Inquiry: That makes no sense

 

That makes no sense.

Scientists who assume human evolution has stopped. Trigger: This article from Psychology Today.

  1. True?
    Yes. It is true it doesn’t make sense to me.
  2. Sure?
    No, that is not true. I understand their arguments, but it goes against what seems to make more sense to me so I tell myself it doesn’t make sense.
  3. What happens when I take that story as true?
    • I make my own familiar stories true, and their stories wrong.
    • I get slightly annoyed, agitated, restless. I go into stories of why I am right and they are wrong.
      • There is a large pool of humans alive today, so greater variation for natural selection to select from.
      • The circumstances (ecosystems, cultures etc.) these humans live within became more varied with agriculture and civilizations, and are now more varied than ever before, which gives plenty of opportunity for natural selection to take place.
      • Humans have developed in a range of different climates and ecosystems, which has to be reflected in natural selection. (Just look at the most obvious results of this, skin tone and body type.)
      • Humans have been and are exposed to a wide range of illnesses and diseases, probably far more than at any other time, which also has to be reflected in natural selection.
      • Our food has changed dramatically with cooking, and varies a good deal among ecosystems and cultures. Again, some will be better adapted than others to the diet of their ecosystem and culture, which has to be reflected through natural selection.
      • There are new pressures today, such as toxins, and some will be better adapted to it than others.
      • Natural selection can happen quickly. If the pressures are strong enough there is a tight bottle neck, and only one generation is enough. If a little less strong, then maybe just a few generations.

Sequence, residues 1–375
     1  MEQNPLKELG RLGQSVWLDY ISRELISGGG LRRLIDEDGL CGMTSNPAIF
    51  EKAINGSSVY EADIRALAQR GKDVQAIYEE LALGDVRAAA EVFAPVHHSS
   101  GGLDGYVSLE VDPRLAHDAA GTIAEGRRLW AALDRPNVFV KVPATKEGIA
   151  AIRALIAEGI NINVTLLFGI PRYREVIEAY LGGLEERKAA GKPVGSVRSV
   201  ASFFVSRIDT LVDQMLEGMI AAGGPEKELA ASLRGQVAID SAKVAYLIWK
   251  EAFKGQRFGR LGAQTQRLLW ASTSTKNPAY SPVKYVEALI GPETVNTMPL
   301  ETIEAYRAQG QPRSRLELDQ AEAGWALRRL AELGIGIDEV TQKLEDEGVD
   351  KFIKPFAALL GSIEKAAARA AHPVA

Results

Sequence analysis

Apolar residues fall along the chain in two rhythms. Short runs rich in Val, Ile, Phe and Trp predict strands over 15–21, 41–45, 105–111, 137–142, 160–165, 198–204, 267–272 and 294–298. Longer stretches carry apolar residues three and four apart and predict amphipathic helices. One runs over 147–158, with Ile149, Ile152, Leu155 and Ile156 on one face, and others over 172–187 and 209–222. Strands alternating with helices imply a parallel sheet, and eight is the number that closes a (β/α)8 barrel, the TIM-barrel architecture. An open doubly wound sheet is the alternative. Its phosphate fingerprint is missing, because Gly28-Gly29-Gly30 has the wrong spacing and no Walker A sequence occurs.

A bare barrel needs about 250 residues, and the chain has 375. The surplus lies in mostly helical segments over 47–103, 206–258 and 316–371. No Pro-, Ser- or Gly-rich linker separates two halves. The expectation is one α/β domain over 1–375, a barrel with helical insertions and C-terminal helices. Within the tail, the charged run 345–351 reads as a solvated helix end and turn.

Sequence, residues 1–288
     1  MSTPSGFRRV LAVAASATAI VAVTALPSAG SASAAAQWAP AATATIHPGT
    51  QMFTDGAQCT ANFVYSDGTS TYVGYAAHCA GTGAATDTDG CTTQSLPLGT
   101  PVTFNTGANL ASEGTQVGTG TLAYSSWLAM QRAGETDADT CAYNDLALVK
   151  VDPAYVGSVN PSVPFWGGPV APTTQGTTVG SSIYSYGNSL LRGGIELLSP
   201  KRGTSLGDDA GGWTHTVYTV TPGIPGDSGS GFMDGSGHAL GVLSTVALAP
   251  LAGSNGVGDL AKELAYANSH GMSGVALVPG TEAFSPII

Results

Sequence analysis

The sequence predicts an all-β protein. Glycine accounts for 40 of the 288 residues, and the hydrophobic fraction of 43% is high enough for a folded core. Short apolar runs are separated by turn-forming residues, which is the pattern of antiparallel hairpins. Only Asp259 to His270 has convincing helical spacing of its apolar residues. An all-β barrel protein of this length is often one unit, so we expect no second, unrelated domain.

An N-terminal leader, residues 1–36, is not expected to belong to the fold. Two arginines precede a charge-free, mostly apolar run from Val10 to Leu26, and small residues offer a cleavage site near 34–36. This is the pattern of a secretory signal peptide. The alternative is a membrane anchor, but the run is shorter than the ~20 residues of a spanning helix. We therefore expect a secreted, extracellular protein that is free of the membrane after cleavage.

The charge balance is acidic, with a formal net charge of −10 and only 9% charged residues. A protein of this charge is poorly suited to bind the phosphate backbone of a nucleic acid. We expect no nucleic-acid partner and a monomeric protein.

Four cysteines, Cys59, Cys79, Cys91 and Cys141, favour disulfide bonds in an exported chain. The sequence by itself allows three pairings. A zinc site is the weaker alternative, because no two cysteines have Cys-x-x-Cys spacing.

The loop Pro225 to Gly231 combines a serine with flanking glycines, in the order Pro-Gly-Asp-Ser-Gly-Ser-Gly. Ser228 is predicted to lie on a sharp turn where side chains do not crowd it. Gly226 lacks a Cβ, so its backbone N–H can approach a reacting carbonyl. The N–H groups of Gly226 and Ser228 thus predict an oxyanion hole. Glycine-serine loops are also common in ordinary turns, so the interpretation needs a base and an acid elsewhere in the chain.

• Even just a tiny advantage will have a significant impact over several generations.
      • And that includes, for instance, the impact that healthy and well functioning grandparents can have on their grandchild’s survival and life. This impact can be quite significant and has to be reflected in natural selection. If people live longer and can help their grandchildren and great-grandchildren to a healthy and well functioning life, then those traits will have an advantage and will be passed on.
      • If anything, I would assume human evolution has sped up over the last few thousands of years, for the above reasons.
  4. Who would I be without it?
    • Receptive. Curious. Interested in their view, finding the validity in it. Curious about how these and other views fit together, and what stories fit the current data best.
    • Mainly, I am interested in how the different views fits the data, the research done in this field. Which view(s) seem to fit the best?
    • Also, I am curious about why I am so attached to a story of continued human evolution. Is it because I have a general view of flux and change? Does this show me that I am more attached to that story than I realized? And maybe also a story of diversity and increasing diversity, including at a biological level?
  5. Turnarounds.
    • That makes sense.
      • Yes, I can understand their arguments, even if I don’t like it.
    • I make no sense.
      • Right. This is all about the data, what is found through research, and I don’t know enough about it to say which main story fits it the best, stopped evolution or continued/accelerated evolution.
    • My thinking makes no sense.
      • Yes. Whenever a thought is taken as true, my thinking does not make very much sense. In this case, it becomes quite one-sided and I try to argue for a particular view without knowing much about the field at all (which is pretty silly), and without knowing much about which views fit with the current data.

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